Cross-Country Variations in Capital Structures the Role of Bankruptcy Codes
46 Pages Posted: 21 May 2004 Last revised: 8 Jan 2009
Date Written: December 21, 2008
We investigate the impact of bankruptcy codes on firms' capital-structure choices. We develop a theoretical model to identify how firm characteristics may interact with the bankruptcy code in determining optimal capital structures. A novel and sharp empirical implication emerges from this model: that the difference in leverage choices under a relatively equity-friendly bankruptcy code (such as the US's) and one that is relatively more debt-friendly (such as the UK's) should be a decreasing function of the anticipated liquidation value of the firm's assets.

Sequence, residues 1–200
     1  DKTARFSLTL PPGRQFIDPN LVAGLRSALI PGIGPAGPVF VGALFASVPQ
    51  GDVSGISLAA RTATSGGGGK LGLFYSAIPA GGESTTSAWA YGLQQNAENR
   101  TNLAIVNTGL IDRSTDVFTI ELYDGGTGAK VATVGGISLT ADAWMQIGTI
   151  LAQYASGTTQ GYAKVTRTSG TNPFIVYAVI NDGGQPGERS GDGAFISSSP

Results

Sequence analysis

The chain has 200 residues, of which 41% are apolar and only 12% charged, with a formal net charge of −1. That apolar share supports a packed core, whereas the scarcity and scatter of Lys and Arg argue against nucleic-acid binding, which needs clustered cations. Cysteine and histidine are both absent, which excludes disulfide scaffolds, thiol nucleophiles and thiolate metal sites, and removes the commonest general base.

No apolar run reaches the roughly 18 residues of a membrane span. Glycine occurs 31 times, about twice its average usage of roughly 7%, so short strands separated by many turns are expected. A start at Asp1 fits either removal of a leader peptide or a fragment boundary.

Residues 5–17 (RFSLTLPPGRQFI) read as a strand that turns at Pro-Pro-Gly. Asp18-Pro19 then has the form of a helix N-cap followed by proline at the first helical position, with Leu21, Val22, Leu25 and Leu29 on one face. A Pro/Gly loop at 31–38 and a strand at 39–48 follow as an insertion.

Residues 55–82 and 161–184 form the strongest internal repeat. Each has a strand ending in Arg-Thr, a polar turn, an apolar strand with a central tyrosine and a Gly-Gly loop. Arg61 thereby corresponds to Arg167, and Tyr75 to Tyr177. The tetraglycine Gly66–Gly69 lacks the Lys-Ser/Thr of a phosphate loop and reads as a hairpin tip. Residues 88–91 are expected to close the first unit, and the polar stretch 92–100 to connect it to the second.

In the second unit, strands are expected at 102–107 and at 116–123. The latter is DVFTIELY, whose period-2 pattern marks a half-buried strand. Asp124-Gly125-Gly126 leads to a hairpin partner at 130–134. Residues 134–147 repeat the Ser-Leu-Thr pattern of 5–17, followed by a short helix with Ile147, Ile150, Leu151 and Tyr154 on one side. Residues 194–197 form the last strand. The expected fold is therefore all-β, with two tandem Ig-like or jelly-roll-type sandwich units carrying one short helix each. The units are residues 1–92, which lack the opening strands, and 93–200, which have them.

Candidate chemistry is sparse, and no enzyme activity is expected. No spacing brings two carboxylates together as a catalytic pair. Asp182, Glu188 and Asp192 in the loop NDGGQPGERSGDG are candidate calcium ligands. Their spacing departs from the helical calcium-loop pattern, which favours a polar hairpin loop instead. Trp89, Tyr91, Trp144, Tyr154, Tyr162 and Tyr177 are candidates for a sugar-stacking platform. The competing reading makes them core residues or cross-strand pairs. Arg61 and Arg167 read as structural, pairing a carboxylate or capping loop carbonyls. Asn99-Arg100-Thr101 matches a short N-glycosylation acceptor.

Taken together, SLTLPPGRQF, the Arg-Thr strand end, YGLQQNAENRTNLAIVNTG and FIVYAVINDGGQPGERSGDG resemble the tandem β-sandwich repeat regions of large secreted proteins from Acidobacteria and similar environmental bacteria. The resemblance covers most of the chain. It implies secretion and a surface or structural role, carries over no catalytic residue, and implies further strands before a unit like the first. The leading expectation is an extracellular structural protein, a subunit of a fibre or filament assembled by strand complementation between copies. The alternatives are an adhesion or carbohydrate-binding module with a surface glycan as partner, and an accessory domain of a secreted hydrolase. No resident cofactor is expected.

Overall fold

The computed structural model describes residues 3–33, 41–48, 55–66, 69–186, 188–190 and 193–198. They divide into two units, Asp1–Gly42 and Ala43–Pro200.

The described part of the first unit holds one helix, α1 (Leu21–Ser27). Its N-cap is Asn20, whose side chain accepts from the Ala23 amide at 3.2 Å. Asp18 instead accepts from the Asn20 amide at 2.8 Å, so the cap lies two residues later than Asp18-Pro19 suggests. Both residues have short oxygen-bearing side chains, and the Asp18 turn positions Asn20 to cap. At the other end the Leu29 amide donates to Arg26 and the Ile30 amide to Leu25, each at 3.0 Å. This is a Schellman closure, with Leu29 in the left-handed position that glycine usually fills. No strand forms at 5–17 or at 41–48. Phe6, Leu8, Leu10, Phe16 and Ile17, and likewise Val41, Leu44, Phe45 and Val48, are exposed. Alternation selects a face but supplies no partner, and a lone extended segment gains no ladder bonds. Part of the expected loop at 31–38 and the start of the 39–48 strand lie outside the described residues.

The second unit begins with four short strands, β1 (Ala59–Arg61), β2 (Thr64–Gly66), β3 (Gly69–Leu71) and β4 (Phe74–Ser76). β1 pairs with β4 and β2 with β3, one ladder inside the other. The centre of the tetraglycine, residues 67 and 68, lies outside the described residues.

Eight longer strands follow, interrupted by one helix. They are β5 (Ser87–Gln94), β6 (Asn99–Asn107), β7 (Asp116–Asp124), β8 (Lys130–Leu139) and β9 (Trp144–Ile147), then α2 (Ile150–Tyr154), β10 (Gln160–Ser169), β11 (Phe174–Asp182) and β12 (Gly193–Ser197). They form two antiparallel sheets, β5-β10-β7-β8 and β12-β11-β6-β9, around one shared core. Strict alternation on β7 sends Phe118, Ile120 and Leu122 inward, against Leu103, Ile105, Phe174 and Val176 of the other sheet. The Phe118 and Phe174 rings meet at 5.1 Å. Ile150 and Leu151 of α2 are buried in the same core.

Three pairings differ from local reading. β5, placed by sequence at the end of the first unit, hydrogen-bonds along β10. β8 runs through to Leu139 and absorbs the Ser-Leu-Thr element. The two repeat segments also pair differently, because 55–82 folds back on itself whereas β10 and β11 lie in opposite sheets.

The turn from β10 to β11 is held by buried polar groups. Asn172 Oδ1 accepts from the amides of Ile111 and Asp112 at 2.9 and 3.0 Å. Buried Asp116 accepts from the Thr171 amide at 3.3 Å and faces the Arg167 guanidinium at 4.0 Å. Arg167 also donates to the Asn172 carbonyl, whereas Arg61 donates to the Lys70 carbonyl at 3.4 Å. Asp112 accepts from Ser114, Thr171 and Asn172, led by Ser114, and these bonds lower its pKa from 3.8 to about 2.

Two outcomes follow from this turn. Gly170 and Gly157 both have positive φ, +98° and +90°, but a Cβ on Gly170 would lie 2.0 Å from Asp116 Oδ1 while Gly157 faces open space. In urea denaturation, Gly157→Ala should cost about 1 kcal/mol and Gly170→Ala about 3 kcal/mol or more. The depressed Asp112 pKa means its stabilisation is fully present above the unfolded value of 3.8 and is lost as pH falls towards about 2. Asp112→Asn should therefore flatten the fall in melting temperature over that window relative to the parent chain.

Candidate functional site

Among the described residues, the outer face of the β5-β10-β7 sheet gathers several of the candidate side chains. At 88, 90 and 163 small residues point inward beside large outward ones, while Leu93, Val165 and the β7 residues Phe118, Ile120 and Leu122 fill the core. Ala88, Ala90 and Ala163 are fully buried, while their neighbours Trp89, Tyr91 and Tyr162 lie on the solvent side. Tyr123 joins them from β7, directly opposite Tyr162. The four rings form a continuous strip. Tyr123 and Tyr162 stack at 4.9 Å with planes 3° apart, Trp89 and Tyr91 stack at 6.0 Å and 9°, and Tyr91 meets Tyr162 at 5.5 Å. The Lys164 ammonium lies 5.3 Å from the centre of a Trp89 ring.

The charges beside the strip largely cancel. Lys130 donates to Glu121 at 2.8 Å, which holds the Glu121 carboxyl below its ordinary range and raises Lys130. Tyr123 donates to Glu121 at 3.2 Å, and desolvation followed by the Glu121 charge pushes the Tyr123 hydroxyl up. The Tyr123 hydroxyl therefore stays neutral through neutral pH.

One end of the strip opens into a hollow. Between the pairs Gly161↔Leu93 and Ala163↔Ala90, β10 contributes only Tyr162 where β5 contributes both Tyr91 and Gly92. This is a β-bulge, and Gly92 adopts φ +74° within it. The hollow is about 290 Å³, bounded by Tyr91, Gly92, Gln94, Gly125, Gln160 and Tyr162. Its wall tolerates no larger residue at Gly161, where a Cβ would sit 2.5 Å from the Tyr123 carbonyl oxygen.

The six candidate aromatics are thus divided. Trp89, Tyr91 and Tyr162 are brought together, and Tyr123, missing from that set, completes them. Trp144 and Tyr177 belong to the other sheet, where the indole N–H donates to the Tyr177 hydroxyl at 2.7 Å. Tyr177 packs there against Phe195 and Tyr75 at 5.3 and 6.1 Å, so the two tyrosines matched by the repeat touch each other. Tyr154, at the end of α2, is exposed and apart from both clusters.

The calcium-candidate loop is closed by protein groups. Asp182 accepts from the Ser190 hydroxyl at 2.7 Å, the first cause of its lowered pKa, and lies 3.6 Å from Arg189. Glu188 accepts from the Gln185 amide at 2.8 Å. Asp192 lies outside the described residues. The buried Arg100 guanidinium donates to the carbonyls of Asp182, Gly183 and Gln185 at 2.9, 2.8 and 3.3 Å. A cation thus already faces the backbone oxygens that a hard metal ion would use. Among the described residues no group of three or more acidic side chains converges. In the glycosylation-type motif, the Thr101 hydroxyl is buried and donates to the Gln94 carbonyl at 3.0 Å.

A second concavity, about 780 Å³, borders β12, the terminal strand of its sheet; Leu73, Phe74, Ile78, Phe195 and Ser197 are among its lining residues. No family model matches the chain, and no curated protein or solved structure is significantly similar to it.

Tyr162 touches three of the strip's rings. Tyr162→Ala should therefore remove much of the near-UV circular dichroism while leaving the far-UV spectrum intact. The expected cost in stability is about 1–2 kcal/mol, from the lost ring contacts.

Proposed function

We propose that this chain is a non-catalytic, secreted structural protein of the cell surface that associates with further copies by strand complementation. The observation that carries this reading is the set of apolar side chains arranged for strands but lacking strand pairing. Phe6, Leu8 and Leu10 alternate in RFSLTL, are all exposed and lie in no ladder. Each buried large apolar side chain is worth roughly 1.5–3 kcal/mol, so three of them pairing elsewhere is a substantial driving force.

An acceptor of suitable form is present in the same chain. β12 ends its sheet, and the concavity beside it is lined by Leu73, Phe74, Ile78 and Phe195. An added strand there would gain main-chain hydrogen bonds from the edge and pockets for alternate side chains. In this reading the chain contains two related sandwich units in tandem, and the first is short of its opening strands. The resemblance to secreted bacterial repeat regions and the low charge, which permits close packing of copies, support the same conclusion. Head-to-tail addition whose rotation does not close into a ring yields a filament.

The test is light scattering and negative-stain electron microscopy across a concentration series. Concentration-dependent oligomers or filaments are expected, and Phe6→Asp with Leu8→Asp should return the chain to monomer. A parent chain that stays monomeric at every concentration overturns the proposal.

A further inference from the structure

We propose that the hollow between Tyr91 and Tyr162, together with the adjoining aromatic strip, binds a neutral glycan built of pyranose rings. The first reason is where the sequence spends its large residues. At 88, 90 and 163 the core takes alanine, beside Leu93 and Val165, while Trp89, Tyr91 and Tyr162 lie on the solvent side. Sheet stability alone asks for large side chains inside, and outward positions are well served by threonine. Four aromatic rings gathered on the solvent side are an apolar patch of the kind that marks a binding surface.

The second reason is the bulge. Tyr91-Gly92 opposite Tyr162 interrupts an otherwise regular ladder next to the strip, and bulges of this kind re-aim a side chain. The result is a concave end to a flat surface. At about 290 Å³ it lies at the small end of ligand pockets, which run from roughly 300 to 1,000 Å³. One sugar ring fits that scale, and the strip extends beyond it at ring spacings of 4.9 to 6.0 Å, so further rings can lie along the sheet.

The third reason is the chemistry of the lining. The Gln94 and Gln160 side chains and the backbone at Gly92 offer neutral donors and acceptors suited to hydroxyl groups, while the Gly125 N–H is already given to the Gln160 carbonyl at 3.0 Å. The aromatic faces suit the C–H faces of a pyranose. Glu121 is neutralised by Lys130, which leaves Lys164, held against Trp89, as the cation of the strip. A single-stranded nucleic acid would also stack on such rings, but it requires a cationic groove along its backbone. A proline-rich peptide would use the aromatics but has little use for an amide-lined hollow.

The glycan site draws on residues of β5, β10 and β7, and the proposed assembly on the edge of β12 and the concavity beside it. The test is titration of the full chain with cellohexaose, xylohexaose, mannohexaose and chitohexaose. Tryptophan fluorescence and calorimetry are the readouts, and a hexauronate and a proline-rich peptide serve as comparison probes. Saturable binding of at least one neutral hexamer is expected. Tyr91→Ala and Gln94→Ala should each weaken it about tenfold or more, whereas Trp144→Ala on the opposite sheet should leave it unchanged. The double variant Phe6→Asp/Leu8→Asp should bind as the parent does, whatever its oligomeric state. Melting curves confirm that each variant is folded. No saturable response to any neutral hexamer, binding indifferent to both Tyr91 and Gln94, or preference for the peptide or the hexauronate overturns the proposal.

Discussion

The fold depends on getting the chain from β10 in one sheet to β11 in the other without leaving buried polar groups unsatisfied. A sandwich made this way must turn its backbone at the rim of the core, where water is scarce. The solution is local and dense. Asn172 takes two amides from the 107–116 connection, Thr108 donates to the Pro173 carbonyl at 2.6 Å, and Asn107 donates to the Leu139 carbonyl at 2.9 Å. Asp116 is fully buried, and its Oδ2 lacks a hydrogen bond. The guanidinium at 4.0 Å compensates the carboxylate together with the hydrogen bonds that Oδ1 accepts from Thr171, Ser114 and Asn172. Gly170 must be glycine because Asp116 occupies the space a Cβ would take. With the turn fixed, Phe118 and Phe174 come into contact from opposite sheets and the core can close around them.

Using a large database of firms from the US and the UK over the period 1990 to 2002, we subject this prediction to extensive empirical testing, both parametric and non-parametric, using different proxies for liquidation values and different measures of leverage. We find strong support for the theory; that is, we find that our proxies for liquidation value are both statistically and economically significant in explaining leverage differences across the two countries. On the other hand, many of the other factors that are known to affect within-country leverage (e.g., size) cannot explain across-countries differences in leverage.
Keywords: Capital structure, bankruptcy, financial distress, asset specificity, bankruptcy code, bankruptcy costs
JEL Classification: G32, G33, F30
Suggested Citation: Suggested Citation